Republicans have played down the danger to public health, saying that the threat of long lines during the pandemic was overblown. One Republican county chair, Jim Miller of Sawyer County, said the process would be similar to people picking up food to eat during the state’s stay-at-home order.
“If you can go out and get fast food, you can go vote curbside,” Mr. Miller said. “It’s the same procedure.”
Partisan brawling and a logistical tangle have led to chaos.
A series of official orders and court rulings whipsawed the public in the final days before Tuesday’s elections.
Now the municipal and county clerks who oversee voting in Wisconsin have to conduct a presidential primary, a critical State Supreme Court election and contests for more than 3,900 local offices amid a pandemic and the governor’s order for residents to stay in their homes.
It adds up to an election that became a logistical nightmare before the Election Day polls opened.
Like so much else in Wisconsin over the last decade, the state’s coronavirus response and opinions about moving the election broke along partisan lines.
Democrats, aiming to expand turnout especially in the state’s largest cities, Milwaukee and Madison, sought to expand mail voting and delay the election until June. Republicans, wary of affording new powers to a Democratic governor and content with suppressing turnout in urban centers where the coronavirus has struck hardest, refused to entertain proposals for relief.
“Thousands will wake up and have to choose between exercising their right to vote and staying healthy and safe,” Governor Evers said after the State Supreme Court ruling on Monday.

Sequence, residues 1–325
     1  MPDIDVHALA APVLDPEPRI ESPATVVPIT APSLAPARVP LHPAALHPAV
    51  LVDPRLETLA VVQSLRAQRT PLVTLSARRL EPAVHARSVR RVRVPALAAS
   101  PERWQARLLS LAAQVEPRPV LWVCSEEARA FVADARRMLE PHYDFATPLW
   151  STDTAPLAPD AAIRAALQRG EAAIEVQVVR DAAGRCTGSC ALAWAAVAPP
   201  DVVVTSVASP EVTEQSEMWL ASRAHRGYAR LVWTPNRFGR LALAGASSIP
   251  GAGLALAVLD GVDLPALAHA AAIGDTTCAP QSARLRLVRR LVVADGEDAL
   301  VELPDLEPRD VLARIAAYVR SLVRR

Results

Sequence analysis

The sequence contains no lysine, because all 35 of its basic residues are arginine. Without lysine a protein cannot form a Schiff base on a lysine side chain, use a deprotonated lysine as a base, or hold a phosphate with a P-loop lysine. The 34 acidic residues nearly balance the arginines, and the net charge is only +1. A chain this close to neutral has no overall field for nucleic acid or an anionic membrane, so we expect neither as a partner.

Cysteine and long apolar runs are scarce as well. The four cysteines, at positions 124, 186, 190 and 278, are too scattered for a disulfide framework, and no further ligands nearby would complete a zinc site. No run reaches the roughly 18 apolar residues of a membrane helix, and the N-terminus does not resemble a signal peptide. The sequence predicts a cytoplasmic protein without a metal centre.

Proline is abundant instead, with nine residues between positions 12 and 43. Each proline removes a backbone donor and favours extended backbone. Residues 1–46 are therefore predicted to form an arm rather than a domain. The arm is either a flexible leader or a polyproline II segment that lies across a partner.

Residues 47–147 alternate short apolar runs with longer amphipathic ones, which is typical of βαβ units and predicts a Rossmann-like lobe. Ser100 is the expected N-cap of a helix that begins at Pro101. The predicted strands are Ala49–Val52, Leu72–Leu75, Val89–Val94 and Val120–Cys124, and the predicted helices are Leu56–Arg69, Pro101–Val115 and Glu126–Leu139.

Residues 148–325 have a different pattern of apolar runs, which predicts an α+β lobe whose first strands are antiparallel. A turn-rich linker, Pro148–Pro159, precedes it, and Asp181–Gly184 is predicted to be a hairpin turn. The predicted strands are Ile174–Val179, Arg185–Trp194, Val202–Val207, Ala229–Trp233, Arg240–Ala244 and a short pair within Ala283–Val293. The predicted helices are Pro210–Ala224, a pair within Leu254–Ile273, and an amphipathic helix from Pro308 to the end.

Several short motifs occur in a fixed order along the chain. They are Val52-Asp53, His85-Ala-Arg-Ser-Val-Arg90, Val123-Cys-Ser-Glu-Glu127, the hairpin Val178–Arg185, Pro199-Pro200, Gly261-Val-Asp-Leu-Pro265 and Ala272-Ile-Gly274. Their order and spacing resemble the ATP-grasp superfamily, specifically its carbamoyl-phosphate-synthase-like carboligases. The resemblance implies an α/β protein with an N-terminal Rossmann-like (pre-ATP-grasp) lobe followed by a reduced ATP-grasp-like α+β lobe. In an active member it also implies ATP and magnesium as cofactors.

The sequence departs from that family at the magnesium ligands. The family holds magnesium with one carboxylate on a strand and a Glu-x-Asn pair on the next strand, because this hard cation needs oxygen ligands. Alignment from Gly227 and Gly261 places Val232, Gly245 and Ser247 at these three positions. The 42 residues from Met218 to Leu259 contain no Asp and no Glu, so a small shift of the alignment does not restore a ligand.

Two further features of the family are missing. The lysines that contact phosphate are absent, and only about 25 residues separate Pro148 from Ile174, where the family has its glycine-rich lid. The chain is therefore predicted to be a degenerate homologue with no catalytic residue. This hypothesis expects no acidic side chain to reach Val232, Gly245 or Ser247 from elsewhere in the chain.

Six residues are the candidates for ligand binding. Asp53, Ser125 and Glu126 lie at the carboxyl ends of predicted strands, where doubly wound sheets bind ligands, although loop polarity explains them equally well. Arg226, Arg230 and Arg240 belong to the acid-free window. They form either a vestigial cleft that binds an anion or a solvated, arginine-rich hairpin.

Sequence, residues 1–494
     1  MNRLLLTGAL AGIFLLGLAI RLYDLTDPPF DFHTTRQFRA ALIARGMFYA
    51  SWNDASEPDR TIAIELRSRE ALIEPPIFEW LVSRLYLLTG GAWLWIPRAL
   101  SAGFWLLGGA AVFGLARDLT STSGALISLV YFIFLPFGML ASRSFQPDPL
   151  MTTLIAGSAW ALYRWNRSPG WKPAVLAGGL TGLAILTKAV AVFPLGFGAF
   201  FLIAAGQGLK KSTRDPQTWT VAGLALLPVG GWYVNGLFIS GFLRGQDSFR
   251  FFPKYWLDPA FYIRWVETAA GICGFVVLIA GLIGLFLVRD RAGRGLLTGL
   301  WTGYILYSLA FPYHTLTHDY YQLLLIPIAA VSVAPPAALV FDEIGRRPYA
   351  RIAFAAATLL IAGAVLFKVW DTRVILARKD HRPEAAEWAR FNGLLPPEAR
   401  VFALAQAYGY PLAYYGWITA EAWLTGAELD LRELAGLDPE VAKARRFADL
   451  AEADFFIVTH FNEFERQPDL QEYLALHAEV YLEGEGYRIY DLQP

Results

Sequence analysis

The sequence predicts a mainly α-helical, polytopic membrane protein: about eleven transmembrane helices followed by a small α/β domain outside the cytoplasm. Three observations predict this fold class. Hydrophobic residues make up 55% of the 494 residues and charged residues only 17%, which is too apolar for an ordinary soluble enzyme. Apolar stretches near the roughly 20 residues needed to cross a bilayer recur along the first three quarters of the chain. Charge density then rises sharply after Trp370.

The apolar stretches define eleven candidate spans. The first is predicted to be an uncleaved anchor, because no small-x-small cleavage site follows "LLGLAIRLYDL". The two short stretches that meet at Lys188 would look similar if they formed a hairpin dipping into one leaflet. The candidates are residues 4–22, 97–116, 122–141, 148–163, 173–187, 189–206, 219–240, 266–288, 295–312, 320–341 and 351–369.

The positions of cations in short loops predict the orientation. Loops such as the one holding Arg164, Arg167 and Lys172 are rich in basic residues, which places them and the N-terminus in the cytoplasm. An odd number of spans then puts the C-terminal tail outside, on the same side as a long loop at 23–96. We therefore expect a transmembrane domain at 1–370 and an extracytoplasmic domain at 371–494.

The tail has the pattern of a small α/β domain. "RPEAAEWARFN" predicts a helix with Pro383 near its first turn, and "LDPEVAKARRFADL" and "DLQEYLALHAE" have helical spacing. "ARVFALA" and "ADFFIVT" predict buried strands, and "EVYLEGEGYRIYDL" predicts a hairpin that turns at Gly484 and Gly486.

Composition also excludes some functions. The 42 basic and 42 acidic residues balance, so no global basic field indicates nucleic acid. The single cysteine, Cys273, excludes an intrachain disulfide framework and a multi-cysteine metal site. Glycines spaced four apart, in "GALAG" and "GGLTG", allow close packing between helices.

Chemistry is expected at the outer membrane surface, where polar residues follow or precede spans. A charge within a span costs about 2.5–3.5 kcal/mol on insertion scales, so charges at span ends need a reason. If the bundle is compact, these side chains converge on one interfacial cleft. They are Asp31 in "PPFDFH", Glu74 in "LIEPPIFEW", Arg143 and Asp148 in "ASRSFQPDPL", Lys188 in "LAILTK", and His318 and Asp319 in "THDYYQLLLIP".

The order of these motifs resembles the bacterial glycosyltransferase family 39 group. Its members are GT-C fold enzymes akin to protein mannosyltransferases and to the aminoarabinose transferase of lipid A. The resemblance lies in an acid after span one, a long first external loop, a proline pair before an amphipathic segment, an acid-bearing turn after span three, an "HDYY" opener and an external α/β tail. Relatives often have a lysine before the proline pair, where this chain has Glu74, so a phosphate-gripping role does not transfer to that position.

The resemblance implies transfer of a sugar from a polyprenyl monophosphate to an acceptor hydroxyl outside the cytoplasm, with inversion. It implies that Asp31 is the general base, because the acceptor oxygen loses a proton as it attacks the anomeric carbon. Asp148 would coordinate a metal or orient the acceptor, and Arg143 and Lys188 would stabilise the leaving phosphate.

But Dean Knudson, a Republican former state legislator who is chairman of the Wisconsin Elections Commission, said during a lengthy online session late Monday that voters who wished to participate in Tuesday’s contest would have no recourse but to venture to the polls — even if they had requested but had not yet received an absentee ballot.
“If they haven’t got their ballot in the mail,” he said, “they are going to have to go to the polling place tomorrow.”
Poll workers across the state are terrified, and thousands say they won’t show up.
Forging ahead thrusts thousands of clerks and poll workers, many of them older or with health conditions, onto the pandemic’s front lines.
As a result, thousands of poll workers have said they won’t show up, leading to major reductions in the number of polling sites, particularly in cities like Milwaukee. In Green Bay, there are usually about 31 polling locations, but on Tuesday there will just be two. Though roughly 2,400 National Guardsmen were being trained as poll workers as late as Monday, it still won’t come close to the more than 7,000 who have already said they cannot work.
If there is a bright spot for Democrats, it will be in deeply blue Madison, where the mayor said more than two-thirds of the city’s polling locations would be open on Tuesday.
Polls will close at 9 p.m. Eastern, but that’s unlikely to be the end of the elections.
Though voting may end on Tuesday night, there will most likely be a new round of lawsuits challenging both the results and the disenfranchisement of many voters. Many allied groups in Wisconsin were already gathering accounts of voters unable to get a ballot or vote in anticipation of litigation.
One story shared from a local lawyer involved a pregnant health-care worker who had the coronavirus and hadn’t received her absentee ballot yet. Because she could not vote in person, she could not vote at all.
It’s been a messy, confusing and chaotic march toward the Wisconsin primary. And the uncertainty is likely to continue.